THIS REPORT IS DEVELOPED AND AS PROVIDED BY 451 RESEARCH, LLC.
We examine how Dykema, a law firm in Detroit, deployed LoopUp for internal and external collaboration and how its differentiated approach makes the conference call and remote meeting SaaS provider a good fit for the firm’s requirements to provide a reliable, positive end-user experience.
The business communications and collaboration market has become intensely competitive, with emerging SaaS providers disrupting the space and incumbents taking the offensive, highlighting the benefits of unified product suites. There is also a growing overlap between product categories, including unified communications and audio and video conferencing. This paints a fragmented landscape, making it difficult for vendors to differentiate and for organizations to evaluate technologies. LoopUp, which offers conference call and remote meeting SaaS, aims to differentiate by taking the pain out of conference calls and offering powerful collaborative features while still using traditional telephony. We look at how its differentiated approach helped Dykema, a law firm based in Detroit, to enable a reliable, positive end-user experience for internal and external collaboration.
Dykema faced challenges that should be familiar to companies of all sizes across different verticals that rely on conferencing for internal and external collaboration, including service reliability and a cumbersome interface that requires users to dial in using complex access codes. However, professional services organizations have unique requirements that differ from organizations where collaboration technologies are mostly used for internal use cases. Its deployment at Dykema highlights how LoopUp’s approach, which combines security and reliability with an easy-to-use interface, translates into product attributes that can address the specific requirements of organizations where external collaboration is mission-critical.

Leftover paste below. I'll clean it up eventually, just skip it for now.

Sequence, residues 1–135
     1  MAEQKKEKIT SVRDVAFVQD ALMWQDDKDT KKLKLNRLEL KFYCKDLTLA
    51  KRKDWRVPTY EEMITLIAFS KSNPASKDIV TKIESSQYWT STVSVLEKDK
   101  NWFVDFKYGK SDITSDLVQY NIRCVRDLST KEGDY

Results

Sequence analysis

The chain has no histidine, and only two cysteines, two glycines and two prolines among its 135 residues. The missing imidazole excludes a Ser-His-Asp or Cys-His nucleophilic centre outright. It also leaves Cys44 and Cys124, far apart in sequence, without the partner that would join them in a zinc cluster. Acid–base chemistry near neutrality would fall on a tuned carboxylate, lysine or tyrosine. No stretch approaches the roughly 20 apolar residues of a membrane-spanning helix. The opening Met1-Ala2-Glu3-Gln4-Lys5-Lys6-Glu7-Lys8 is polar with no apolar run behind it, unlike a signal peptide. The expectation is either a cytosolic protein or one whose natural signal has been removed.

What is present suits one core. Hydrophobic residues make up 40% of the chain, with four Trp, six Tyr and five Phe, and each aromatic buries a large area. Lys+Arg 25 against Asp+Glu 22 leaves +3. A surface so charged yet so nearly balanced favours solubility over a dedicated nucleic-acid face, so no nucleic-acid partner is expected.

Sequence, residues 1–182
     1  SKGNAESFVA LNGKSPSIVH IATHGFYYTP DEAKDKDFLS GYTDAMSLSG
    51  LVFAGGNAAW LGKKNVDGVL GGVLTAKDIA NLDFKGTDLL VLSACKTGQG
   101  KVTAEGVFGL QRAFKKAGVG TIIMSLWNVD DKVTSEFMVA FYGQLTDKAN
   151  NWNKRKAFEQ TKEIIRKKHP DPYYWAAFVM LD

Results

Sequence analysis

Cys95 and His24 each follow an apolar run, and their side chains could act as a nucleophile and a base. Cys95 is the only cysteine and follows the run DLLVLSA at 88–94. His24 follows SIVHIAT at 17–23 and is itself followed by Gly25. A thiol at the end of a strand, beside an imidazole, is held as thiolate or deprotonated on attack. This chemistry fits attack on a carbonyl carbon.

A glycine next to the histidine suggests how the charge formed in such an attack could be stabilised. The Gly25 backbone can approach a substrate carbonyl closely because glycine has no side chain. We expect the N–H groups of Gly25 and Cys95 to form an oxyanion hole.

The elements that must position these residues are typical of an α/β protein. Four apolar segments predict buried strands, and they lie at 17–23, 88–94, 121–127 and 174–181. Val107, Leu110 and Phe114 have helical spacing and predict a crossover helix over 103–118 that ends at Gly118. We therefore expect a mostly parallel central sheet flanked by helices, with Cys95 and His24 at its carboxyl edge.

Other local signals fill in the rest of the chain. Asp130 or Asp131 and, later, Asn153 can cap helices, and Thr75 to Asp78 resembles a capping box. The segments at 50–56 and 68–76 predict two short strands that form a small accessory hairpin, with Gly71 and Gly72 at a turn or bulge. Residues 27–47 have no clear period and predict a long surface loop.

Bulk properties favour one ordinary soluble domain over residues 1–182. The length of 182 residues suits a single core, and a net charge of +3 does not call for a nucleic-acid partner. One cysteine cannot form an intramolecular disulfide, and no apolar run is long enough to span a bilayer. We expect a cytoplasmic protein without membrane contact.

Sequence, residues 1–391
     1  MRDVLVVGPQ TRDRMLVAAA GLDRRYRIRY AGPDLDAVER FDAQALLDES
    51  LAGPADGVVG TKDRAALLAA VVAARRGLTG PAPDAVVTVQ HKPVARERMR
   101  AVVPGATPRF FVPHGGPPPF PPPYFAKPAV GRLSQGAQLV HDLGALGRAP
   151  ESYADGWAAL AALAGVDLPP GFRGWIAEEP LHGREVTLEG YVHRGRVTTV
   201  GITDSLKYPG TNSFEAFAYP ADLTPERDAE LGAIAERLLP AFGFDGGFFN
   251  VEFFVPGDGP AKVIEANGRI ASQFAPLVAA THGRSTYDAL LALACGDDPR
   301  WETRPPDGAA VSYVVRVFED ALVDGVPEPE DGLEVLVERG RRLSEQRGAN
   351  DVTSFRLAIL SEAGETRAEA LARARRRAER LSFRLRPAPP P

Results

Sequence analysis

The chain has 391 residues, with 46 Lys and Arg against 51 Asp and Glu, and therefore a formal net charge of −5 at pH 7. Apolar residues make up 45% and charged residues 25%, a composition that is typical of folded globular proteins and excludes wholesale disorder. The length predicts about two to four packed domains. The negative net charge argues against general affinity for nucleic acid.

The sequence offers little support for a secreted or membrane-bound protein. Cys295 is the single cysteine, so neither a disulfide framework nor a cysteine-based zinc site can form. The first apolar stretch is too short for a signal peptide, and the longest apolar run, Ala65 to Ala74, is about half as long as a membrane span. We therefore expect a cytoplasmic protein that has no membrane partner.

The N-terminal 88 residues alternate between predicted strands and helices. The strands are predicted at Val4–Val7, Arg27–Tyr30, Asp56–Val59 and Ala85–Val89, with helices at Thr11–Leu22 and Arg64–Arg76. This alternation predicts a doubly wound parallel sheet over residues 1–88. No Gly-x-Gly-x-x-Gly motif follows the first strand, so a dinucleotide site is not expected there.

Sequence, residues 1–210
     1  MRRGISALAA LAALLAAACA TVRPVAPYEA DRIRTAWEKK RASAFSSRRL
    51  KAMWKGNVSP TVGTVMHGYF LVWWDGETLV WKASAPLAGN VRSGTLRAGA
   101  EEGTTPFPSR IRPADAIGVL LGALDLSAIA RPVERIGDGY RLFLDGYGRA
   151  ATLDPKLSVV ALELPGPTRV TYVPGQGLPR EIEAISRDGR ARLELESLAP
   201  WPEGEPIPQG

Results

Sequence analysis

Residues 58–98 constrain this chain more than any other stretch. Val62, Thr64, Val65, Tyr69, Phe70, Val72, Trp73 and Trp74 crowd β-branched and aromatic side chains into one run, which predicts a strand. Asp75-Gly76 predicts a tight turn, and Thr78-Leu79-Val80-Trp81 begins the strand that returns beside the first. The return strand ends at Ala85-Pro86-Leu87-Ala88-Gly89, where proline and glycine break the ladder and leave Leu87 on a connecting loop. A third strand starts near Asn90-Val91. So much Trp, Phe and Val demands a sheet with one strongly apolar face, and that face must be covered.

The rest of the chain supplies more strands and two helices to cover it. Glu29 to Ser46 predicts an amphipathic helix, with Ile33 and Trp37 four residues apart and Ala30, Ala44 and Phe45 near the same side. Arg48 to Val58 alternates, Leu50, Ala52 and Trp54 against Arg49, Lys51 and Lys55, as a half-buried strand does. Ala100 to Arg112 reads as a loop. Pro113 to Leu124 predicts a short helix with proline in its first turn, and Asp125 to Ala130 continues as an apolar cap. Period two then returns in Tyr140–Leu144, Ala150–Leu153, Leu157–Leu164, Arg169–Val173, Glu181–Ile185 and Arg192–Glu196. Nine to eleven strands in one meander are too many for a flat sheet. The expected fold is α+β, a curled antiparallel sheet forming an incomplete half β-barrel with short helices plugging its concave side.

Early adopter snapshot
Founded in 1926, Dykema is a law firm headquartered in Detroit, with 13 offices in the US. The firm serves business entities worldwide on a wide range of legal issues. Its workforce comprises approximately 825 employees; of these, 375 are attorneys and the rest are administration staff, including HR, accounting, executive-level management, IT, executive assistants and paralegals. The firm’s IT staff includes 34 employees, with six of them responsible for business applications.
Dissatisfaction with its previous audio conferencing provider led Dykema to deploy LoopUp nearly two years ago. The firm was using GlobalMeet for Legal (formerly Soundpath Legal), a conferencing and billing software targeting law firms. The single most important criterion for Dykema in selecting a new provider was reliability. The firm faced performance issues with its previous provider, and users frequently reported dropped calls, interference and problems connecting to the service.
Dykema relies on audio conferencing for its employees’ day-to-day work activities. It is used primarily for client interactions with the firm’s lawyers, as well as for internal collaboration. Lawyers at Dykema hold regular conversations with their clients, and conferencing is their primary communication tool. As a firm delivering professional services that bills on an hourly rate, users could not afford to waste time on dropped calls and trying to reconnect. Another reported challenge involved a cumbersome user interface that required users to enter a long string of digits for the conference ID and password.